UCLA men’s basketball (8-3) tasted victory for the first time in over two weeks Tuesday night, besting South Dakota (11-4) 85-82.
“We’ve lost for two weeks – it’s only two games, but we’ve had a two-week frame where we didn’t win a game,” said coach Steve Alford. “The hardest thing to do then is to learn how to win again, and I was really pleased for 36 minutes.”
Alford broke the game into three pieces: a first half in which his team played well but had to make a couple adjustments, 16 minutes of “beautiful basketball” and four minutes of selfish play.
The Bruins exited the first half trailing by three, at which point the Coyotes had out-rebounded UCLA 24-13, and outscored it in the paint 16-14.
“That shouldn’t happen,” Alford said. “We’re going to play much bigger, much more athletic teams than this, and we have already, and we’ve been a good rebounding team.”
“We definitely had a size advantage, so we were not satisfied,” added senior forward GG Goloman.
The Bruins also struggled to stop Coyote guard Matt Mooney, who scored a game-high 18 points in the first period. To start the second half, junior guard Aaron Holiday was locked on Mooney, who only came up with six more points in the second half.
To start the second half, the Bruins began what Alford called as good basketball as his team has played in quite some time. The Bruins’ lead climbed to as many as 24 points.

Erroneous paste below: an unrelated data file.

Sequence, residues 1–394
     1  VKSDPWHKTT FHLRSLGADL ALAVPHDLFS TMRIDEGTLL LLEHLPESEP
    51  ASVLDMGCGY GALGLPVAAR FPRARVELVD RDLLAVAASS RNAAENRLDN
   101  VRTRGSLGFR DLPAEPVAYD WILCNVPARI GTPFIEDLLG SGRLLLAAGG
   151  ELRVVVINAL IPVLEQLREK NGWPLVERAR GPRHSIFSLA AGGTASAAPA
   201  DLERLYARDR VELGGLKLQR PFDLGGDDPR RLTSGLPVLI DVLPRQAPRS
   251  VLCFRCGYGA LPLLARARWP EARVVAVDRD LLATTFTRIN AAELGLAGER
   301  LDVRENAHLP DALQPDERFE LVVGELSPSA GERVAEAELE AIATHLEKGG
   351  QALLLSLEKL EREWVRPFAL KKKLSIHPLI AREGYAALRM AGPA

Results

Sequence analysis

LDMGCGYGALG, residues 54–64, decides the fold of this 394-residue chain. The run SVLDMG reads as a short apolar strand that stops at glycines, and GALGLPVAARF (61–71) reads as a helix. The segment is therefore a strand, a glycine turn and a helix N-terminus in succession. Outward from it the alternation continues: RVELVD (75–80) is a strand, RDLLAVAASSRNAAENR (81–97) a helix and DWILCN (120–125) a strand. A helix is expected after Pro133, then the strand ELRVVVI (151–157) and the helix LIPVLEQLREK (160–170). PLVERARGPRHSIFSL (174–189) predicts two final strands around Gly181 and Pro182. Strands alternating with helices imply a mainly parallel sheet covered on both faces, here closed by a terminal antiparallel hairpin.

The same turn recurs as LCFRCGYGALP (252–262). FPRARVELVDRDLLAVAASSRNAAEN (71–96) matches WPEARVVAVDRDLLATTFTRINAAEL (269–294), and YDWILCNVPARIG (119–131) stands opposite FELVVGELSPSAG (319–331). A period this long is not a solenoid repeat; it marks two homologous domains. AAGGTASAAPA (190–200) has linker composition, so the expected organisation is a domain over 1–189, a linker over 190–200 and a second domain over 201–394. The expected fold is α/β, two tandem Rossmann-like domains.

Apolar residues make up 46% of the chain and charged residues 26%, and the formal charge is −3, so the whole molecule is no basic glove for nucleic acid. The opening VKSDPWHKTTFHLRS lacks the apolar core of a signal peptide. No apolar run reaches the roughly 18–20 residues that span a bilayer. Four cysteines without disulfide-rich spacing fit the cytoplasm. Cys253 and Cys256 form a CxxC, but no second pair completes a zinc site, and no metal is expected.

The Bruins tallied 13 assists in the first 16 minutes of the second half, but didn’t get any in the game’s final four minutes – a span during with the Bruins also committed four turnovers. The Coyotes never reclaimed the lead, but they got within three when time expired.
“The last four minutes were selfish, it wasn’t very smart basketball,” Alford said. “So it was a great teaching point for me … what we looked like when we’re unselfish playing together versus what we looked like when we were selfish and not playing as a team – I think that was a valuable lesson for our guys tonight.”
UCLA staved off the potential comeback, but not without some confusion from the officials. Following a South Dakota inbound pass with 1.5 seconds left, it was unclear when exactly the clock started.
An eight-minute delay took place before the referees agreed that senior center Thomas Welsh tipped the ball on the pass, meaning the clock was live right when it came in, and the game’s final seconds had ticked away.
Welsh said he knew he tipped the ball, and called it a weird situation.
“They were out of timeouts at that point and they were making a run on us,” Welsh said. “It gave them a chance to set up their offense and set up their defense and put some things together.”
Holiday said the team spent the eight minutes talking about getting a stop, but the Bruins wouldn’t need to since officials eventually ruled the game as over.